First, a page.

TUPE (Transfer of Undertakings (Protection of Employment) Regulations 2006) is a key aspect of employment law that usually applies during business mergers and acquisitions, or whenever a business changes hands.
TUPE may also apply when a contracted service is transferred back in-house; or, vice versa, when a service that is normally provided in-house is contracted to an external provider. In addition to this, TUPE covers the transfer from one external provider to a different external provider.
These specific regulations are intended to protect employees in the event of a service provision change, or when a business is bought or transfers with another company. In effect, TUPE transfers existing employees and employment liabilities from one company to another and prevents employees from being dismissed solely because of the transfer.
How TUPE affects employers
The new employer effectively inherits the workforce. The new employer must also adhere to the employee’s existing terms and conditions of employment – it is unlawful to change these terms solely because of the transfer.
This means that the new employer may be unable to avoid very high salary bills, which may also create a two-tier workforce where the new staff are on better contractual terms than the existing workforce. It is often impossible for the employer to revert to a single set of terms and conditions just because it is easier for them to do so.
As part of TUPE, the employer has an absolute right to request employee records containing key information on terms and conditions, and any disciplinary undertakings. The employer is also bound to keep staff informed about what is happening in advance, and allow them to have their say.
Keeping employees informed
It is likely to be an unsettling time for employees when they are notified that their business is being taken over, or that the contract they are working on will be moved to a different provider.
While the regulations are intended to protect employees from unfair dismissal, there is often some ground for employers to make valid redundancies, which adds to the feeling of uncertainty among staff. Read more about redundancy here.
As stated above, it is the duty of all employers involved to keep staff informed as far as they are able to. Failing to keep staff updated may result in a tribunal claim and action being taken against the employer in question.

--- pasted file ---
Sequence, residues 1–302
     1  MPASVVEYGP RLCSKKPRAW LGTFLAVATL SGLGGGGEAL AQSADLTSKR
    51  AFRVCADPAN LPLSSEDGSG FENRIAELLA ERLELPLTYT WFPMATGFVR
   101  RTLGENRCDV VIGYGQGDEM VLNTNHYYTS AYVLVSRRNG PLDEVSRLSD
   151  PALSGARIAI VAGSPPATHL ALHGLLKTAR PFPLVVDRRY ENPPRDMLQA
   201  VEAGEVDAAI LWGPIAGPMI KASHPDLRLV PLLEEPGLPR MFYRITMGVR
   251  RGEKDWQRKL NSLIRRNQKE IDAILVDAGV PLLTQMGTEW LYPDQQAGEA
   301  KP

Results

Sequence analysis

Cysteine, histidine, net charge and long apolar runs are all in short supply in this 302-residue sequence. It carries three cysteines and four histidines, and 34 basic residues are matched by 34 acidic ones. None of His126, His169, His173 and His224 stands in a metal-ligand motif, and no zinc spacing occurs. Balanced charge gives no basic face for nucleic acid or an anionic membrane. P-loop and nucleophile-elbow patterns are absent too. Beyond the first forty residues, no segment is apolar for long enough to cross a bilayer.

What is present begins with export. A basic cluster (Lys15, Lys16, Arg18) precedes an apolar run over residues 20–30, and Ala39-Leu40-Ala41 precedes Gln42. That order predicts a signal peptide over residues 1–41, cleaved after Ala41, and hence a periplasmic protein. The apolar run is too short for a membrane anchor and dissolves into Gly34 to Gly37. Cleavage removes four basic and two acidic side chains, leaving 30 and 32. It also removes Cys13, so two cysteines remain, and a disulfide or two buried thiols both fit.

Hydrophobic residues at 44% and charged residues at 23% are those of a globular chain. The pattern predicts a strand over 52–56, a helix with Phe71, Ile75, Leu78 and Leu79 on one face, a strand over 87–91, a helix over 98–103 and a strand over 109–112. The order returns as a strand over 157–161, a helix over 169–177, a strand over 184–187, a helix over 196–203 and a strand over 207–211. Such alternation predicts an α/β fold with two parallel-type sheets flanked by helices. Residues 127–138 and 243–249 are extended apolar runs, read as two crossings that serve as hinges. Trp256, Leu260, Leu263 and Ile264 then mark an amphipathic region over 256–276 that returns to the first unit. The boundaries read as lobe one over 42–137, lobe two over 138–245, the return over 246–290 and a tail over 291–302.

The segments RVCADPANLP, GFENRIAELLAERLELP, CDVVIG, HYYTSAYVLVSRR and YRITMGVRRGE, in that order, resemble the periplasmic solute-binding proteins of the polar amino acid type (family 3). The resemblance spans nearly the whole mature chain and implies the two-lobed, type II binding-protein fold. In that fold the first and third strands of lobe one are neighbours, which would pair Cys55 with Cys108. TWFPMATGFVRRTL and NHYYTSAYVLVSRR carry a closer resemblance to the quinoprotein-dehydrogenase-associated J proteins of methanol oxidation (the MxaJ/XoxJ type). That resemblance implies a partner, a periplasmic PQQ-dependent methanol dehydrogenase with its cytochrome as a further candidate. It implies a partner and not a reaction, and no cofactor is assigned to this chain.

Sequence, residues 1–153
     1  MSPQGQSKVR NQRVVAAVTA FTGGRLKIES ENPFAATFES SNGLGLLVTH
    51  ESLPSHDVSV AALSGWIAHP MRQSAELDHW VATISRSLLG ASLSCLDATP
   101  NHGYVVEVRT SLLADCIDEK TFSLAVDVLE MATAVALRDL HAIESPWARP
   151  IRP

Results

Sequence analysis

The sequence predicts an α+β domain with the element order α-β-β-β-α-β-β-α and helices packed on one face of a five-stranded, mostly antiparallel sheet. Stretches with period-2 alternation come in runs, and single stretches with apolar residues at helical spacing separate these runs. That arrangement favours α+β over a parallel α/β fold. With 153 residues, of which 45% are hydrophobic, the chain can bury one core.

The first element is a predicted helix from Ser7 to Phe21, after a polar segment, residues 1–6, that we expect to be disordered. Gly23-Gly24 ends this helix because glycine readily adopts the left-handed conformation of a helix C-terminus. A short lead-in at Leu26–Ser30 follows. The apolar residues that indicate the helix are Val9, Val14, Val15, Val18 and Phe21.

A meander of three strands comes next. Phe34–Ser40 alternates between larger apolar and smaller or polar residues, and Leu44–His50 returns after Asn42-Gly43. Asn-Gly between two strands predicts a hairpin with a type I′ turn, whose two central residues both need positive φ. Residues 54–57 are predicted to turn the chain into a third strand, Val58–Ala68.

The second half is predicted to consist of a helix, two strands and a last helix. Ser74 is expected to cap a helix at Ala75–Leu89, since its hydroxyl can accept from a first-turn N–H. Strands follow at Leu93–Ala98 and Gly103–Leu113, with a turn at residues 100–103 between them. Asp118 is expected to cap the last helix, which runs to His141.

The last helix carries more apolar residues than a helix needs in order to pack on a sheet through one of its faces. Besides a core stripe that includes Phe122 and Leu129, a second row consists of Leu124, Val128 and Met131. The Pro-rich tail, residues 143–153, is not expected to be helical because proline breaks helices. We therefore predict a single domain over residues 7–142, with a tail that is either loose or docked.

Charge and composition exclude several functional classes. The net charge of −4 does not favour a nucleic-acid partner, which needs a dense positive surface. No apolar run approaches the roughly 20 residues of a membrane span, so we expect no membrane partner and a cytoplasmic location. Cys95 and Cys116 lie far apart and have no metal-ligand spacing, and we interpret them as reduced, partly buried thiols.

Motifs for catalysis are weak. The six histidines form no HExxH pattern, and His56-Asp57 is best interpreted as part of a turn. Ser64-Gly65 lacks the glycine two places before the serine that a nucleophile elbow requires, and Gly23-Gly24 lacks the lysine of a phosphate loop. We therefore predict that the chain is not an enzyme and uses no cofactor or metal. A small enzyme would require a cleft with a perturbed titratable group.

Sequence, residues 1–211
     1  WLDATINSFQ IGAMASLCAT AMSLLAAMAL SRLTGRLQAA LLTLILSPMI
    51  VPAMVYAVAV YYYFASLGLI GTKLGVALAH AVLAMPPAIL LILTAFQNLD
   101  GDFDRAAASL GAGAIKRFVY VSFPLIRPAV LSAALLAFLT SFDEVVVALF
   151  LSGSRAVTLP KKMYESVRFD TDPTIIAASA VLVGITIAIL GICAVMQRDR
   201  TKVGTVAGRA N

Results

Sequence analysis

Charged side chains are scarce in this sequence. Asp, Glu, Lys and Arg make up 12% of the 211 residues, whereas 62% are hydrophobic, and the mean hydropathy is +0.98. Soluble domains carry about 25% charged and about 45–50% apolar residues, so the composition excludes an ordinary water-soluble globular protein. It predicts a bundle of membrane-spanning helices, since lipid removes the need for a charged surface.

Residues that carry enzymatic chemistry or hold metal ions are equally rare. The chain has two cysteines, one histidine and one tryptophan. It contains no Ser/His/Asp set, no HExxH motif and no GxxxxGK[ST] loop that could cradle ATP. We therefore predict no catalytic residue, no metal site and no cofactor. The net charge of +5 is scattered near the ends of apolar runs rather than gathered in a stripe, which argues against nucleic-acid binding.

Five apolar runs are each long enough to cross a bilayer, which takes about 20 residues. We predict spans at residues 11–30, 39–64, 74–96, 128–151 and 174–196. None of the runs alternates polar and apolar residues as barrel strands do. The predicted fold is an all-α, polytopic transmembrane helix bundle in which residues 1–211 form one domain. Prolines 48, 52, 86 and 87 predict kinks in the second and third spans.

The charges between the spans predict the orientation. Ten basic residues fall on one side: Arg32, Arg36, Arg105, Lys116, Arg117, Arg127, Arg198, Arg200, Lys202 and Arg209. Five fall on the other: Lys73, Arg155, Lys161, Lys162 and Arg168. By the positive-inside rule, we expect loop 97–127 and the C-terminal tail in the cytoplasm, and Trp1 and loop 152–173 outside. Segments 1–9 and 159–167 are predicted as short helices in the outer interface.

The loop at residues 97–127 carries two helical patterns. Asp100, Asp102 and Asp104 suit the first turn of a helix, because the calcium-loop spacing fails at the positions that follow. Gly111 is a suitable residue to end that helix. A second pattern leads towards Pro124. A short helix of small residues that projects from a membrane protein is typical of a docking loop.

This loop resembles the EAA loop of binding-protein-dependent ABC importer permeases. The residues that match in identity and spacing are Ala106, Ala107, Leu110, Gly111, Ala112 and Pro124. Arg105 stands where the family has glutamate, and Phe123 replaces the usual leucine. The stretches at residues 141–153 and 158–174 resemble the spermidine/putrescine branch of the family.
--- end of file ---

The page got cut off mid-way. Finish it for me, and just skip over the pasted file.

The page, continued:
The law behind TUPE regulations
TUPE regulations are set in law by the act of Transfer of Undertakings (Protection of Employment) Regulations 2006, and have been amended by Collective Redundancies and Transfer of Undertakings (Protection of Employment) (Amendment) Regulations 2014.
The amendment in 2014 reformed TUPE regulations by aiming to reduce the complexity of red tape that employers had to adhere to in the event of a business transfer. Dismissal and changes to terms post-transfer were made easier, but also reducing the level of protection for employees. The time limit before transfer for passing information to the new employer was made longer, which gave the new employer more time to digest this information prior to the transfer.
See The Transfer of Undertakings (Protection of Employment) Regulations 2006 for more detail.
- TUPE regulations apply whenever a business is being bought or sold, aiming to protect employees from unfair dismissal solely as a result of a transfer
- The new employer acquires the workforce as part of the transfer, and must adhere to the existing terms and conditions of their employment contract.
- Be aware of the legislation reform in 2014, which reduced the complexity of red tape for employers, but that also reduced the level of protection for employees.